A Havanese has a silky coat that’s soft to the touch, but it can get tangled and knotted if it is not combed or brushed regularly. Owners should aim to brush their dog at least twice a week to keep the coat soft and luxurious. These dogs naturally have long hair, but they can get haircuts for easier maintenance and a cooling effect during the summer months. These dogs don’t typically shed much, whether their coat is kept long or short.
The Havanese is a generally healthy and lively dog breed. However, there are a few health conditions that they may be predisposed to, depending on things like breeding practices and environment.
The conditions that prospective owners should be aware of include:
Havanese dogs are wonderful family pets that can get along well in households with or without kids. They also make great companions for seniors who live alone. These dogs can live in apartment and house settings and don’t need a yard to hang out in, though they do need to get outdoors for exercise and play daily.
It is believed that the Maltese is thousands of years old and was traded at the crossroads of Malta, where pilgrims, merchants, and explorers from around the world would gather to barter. According to the American Kennel Club, Maltese were likely introduced to Malta before the rise of Greece by the Phoenicians. However, there are many different scholars with theories about the Maltese’s history, with some saying that they were conceived in Egypt, and others theorizing that the Alps was the breed’s origin.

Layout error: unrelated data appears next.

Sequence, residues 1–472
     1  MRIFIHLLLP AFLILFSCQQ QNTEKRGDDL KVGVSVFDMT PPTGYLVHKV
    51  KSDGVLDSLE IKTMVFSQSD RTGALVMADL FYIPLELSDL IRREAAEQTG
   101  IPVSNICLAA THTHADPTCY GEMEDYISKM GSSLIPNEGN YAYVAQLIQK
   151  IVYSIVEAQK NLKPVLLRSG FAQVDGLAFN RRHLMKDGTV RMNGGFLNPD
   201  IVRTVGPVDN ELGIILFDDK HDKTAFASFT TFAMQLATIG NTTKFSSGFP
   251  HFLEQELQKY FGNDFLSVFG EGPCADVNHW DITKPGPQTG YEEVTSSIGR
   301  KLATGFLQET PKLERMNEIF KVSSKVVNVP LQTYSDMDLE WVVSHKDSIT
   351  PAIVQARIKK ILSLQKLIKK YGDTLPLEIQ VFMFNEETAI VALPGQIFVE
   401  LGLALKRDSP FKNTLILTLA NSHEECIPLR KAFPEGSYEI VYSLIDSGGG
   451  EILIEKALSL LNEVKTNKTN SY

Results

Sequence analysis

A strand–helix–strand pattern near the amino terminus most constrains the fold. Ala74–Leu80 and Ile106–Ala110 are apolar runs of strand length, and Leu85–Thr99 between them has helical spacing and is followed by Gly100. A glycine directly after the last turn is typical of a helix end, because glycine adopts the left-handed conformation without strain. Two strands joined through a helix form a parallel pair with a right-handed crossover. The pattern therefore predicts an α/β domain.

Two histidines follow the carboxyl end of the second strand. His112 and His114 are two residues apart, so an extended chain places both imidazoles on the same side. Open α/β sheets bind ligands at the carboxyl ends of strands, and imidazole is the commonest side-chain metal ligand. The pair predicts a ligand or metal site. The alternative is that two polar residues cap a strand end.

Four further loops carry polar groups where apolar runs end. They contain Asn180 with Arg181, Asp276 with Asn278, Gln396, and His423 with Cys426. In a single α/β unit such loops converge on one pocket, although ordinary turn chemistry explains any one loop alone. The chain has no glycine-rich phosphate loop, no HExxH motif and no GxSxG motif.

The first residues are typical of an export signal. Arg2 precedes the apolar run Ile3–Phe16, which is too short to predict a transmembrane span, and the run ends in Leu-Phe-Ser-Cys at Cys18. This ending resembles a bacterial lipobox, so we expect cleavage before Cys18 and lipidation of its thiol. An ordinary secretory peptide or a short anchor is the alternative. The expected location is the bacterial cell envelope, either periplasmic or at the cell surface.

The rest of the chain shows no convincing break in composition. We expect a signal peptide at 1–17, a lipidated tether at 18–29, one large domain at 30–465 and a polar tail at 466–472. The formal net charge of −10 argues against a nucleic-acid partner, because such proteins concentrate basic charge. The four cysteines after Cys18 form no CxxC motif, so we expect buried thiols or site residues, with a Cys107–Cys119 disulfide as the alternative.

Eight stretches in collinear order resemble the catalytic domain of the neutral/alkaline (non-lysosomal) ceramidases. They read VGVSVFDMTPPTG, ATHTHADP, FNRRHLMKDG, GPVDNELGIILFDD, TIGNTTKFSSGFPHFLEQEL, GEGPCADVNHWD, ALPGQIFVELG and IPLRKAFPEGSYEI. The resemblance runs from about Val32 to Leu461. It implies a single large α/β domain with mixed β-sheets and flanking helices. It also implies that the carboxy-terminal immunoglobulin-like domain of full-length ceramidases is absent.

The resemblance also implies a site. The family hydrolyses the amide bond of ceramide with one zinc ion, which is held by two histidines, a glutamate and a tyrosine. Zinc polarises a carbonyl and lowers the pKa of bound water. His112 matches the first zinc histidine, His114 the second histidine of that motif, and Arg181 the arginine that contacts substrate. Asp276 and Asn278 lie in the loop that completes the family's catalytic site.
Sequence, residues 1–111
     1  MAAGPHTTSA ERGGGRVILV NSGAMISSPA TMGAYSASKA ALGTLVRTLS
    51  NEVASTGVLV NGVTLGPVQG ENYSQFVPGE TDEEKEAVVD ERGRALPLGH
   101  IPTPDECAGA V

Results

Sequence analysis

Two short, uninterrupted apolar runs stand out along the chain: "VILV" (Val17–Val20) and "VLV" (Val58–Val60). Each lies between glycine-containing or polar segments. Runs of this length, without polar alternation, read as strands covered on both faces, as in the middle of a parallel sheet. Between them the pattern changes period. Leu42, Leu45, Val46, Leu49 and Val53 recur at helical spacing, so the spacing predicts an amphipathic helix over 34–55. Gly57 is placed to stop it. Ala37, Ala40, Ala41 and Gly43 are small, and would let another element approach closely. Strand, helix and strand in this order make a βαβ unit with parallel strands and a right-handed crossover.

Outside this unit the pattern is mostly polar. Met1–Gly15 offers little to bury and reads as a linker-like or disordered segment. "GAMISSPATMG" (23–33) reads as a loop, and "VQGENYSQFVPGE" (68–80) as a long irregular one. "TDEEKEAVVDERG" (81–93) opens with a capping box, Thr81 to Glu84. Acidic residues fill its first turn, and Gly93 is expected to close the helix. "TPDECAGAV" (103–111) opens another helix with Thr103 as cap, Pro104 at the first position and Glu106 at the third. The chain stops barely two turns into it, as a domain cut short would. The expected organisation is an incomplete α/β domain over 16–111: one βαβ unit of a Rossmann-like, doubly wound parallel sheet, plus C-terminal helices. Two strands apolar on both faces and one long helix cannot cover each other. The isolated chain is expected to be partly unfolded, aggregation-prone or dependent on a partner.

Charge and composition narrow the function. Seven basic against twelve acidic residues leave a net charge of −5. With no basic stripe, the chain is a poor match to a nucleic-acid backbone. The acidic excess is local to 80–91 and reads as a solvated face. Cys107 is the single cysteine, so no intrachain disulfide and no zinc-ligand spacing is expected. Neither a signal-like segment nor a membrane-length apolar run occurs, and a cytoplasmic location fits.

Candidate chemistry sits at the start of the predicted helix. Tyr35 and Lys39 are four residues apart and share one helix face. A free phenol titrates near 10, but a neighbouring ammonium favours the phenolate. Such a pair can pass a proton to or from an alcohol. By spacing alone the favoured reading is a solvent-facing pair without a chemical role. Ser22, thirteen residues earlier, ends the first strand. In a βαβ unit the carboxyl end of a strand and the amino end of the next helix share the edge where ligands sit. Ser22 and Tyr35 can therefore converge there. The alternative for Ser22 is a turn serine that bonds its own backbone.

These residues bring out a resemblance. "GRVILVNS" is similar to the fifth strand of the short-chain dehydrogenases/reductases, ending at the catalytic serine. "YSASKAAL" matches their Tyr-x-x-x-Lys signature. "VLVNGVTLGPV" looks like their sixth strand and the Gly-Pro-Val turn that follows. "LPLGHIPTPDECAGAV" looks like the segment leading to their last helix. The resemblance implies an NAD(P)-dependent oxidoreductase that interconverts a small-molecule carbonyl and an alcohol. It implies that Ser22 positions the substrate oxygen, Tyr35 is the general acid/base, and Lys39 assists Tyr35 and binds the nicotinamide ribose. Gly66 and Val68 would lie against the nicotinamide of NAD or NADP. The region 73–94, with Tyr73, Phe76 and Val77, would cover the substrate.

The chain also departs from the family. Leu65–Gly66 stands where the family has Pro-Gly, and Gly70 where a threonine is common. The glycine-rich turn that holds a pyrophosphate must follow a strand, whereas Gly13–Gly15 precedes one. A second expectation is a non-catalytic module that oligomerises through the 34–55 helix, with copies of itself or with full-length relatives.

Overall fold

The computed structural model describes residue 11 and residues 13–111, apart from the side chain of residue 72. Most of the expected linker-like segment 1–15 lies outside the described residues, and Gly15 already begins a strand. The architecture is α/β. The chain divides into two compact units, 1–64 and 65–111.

Personality / Character
These adorable dogs are highly affectionate, smart, and impressively responsive to their human companions. They tend to be trusting, even of strangers, so it’s important to keep a close eye on them when they’re out in public. These lively dogs love to play and learn new tricks. They can be snappy with young children if there’s teasing, tail pulling, and all-around rowdiness. Overall, though, these dogs are joys to spend time with.
The Maltese is an outgoing dog breed that takes well to training, especially if it starts while they are still puppies. One thing for owners to keep in mind is that these dogs have a way of getting what they want, and they try to do their own thing occasionally. Therefore, training should be ongoing throughout their life, which means commands like “sit,” “stay,” and “come” should be practiced regularly.